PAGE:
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Records show it was bought by a limited liability company based in Hong Kong.

Spanning 17,000 square feet, the estate holds its own in the star-studded neighborhood with residents such as Eddie Murphy, Rod Stewart, Denzel Washington and Sylvester Stallone, who offered up his 3.5-acre retreat there earlier this year for $110 million.

“It’s on one of the best lots in Beverly Park, which is one of the best neighborhoods in Beverly Hills,” said Drew Meyers of Westside Estate Agency, who represented the buyer. “There’s nothing like Beverly Park.”

A comedy legend’s compound

The two side-by-side estates include a 1930s Traditional-style home and 1920s Spanish-style home.
(Anthony Barcelo)
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Construction is likely coming to Beverly Hills, where two adjacent homes owned by late comedy legend Carl Reiner just sold for a combined $16.8 million. The side-by-side properties are currently divided, but the package deal allows for the rare opportunity to redevelop the lot into a luxury compound on nearly an acre on Rodeo Drive.

After Reiner — a writer, actor and director who created “The Dick Van Dyke Show” — died last year at 98, the pair of properties were listed for sale at $10 million each in July.

The larger of the two, a 1930s Traditional with a guesthouse, sold for $8 million. The smaller, a 1920s Spanish-style spot lined with stucco and clay tile, sold for $8.8 million, records show. Reiner owned the Traditional for nearly half a century, and he picked up the Spanish-style home five years ago for $4.25 million.

NBA player passes in Woodland Hills

Built in 2018, the 5,800-square-foot Cape Cod includes a movie theater, game room, gazebo, lounge and swimming pool.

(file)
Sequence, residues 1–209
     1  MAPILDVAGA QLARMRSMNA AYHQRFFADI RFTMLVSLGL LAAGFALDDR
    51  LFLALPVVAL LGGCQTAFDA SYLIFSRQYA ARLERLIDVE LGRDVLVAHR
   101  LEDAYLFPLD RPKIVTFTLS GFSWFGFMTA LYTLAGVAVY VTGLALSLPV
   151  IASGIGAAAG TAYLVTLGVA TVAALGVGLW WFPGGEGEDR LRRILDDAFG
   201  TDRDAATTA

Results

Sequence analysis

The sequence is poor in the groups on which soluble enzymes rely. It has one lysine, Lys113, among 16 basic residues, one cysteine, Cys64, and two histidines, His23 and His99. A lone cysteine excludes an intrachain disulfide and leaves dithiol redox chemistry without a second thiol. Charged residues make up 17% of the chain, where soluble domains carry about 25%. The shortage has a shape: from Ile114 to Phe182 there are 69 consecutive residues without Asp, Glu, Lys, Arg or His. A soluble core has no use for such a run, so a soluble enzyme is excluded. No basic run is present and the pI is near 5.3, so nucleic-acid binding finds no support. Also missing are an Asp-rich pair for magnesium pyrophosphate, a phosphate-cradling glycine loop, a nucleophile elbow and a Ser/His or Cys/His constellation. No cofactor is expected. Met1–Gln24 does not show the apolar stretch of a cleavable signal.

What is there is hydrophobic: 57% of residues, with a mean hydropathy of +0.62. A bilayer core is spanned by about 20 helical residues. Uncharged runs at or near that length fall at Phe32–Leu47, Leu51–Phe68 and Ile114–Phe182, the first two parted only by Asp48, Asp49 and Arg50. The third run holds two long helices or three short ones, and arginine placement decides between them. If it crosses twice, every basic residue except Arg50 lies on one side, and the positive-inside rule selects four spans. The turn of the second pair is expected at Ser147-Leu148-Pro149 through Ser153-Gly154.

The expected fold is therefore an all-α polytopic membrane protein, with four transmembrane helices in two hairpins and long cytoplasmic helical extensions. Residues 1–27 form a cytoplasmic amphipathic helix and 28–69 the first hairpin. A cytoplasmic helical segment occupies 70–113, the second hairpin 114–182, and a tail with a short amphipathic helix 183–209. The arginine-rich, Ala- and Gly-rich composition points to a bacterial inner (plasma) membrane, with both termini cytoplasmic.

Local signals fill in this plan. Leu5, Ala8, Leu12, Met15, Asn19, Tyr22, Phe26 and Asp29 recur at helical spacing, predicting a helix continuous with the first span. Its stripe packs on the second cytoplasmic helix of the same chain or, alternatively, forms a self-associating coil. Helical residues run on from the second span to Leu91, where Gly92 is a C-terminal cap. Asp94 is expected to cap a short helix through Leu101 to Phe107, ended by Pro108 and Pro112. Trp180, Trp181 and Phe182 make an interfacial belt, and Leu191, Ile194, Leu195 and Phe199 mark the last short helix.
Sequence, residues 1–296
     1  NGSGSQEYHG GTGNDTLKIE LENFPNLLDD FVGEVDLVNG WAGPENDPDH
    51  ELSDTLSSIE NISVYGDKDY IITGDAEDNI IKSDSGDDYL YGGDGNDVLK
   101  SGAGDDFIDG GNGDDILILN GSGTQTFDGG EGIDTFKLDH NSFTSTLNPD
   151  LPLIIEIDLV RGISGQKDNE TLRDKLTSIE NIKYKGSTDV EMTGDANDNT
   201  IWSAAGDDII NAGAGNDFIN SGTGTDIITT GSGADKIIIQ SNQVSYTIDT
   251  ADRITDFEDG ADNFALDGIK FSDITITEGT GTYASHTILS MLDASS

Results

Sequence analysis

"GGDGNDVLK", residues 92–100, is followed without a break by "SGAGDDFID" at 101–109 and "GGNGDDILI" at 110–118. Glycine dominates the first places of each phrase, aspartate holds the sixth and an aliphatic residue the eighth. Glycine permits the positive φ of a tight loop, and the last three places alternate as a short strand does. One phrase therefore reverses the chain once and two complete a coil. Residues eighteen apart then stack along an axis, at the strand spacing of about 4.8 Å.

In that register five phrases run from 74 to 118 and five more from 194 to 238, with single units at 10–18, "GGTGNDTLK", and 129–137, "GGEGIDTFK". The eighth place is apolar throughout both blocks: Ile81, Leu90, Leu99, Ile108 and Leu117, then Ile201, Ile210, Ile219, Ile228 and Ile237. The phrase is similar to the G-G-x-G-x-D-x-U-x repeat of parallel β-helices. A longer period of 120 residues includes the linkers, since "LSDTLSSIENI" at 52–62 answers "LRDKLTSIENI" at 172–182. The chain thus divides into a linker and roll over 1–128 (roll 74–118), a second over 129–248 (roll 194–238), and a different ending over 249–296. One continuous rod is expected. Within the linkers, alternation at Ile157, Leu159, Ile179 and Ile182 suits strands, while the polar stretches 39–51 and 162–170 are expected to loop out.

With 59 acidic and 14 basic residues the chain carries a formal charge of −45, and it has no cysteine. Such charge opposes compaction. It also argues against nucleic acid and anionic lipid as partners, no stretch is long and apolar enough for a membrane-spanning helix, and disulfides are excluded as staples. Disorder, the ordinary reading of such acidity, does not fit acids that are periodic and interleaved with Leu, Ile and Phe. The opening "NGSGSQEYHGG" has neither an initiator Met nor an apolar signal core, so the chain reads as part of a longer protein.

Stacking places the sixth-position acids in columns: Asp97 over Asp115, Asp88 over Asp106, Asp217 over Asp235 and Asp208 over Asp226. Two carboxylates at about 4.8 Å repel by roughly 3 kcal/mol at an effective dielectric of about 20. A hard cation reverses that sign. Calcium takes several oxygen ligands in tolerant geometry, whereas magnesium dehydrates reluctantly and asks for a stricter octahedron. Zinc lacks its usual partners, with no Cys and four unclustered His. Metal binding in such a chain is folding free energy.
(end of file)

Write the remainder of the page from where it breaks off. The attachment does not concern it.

(The Oppenheim Group)
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After being passed from NBA player to NBA player, this Woodland Hills home just traded hands for the third time in three years — this time for $3.7 million.

The seller was NBA big man Thomas Bryant, who bought it from his former teammate Jordan Clarkson for $3.25 million last summer. The pair played for the Lakers together during the 2017-18 season.

It’s a hefty profit for Bryant, who didn’t make many changes during his yearlong stay except painting the primary suite white. Built in 2018, the Cape Cod-style spot spans 5,800 square feet and sits on nearly half an acre.

NFL settles into Inglewood

A view of the main stage at the new media headquarters of the National Football League in Inglewood.
(Allen J. Schaben / Los Angeles Times)
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For a glimpse of the NFL’s media ambitions, step inside the league’s new studio and office complex in Inglewood, writes Meg James.

The NFL’s new West Coast home, part of Los Angeles Rams owner Stan Kroenke’s $5-billion, 298-acre Hollywood Park mixed-use development, boasts the latest in technology. Its control room is anchored by a 12-foot wall of high-definition screens that can simultaneously display 253 different video feeds, including shots from the 30 NFL stadiums.

There are five soundstages, including a 5,970-square-foot space for NFL Network’s “Total Access” and “GameDay” shows. The stage features 360-degree camera views, a catwalk for talent and a revolving neon red-white-and-blue NFL logo — hauled in from Nashville after the 2019 NFL Draft. The complex also includes a podcast studio and a camera-ready newsroom.

What we’re reading

As students flood back to campuses, housing has been a problem for colleges across the country, and the most local example is UC Santa Barbara, where some students are sleeping in cars or strangers’ homes due to the shortage of affordable housing. KCRW spoke to a few students, including one who’s living in a Sprinter van instead of a dorm.

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The affordable housing shortage has also been brutal for Afghan refugees, who in addition to fleeing Kabul, are having a hard time finding a place to stay due to a difficult market and backed-up resettlement agencies — many of which are asking the federal government for more support. Vox has the story.